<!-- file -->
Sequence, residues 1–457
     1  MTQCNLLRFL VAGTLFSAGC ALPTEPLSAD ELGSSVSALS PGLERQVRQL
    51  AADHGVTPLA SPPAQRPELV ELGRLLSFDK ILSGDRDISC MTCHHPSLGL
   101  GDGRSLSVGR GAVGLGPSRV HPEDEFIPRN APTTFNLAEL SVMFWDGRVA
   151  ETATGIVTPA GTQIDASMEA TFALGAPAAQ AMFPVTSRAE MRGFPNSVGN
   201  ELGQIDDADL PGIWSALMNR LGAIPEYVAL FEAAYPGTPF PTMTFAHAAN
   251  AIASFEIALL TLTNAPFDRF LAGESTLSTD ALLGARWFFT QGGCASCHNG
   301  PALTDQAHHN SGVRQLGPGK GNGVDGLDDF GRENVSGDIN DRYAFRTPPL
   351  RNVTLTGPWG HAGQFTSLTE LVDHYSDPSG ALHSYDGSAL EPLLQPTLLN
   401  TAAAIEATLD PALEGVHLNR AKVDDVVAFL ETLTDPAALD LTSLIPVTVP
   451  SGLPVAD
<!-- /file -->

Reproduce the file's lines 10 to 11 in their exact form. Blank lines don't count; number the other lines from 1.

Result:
   401  TAAAIEATLD PALEGVHLNR AKVDDVVAFL ETLTDPAALD LTSLIPVTVP
   451  SGLPVAD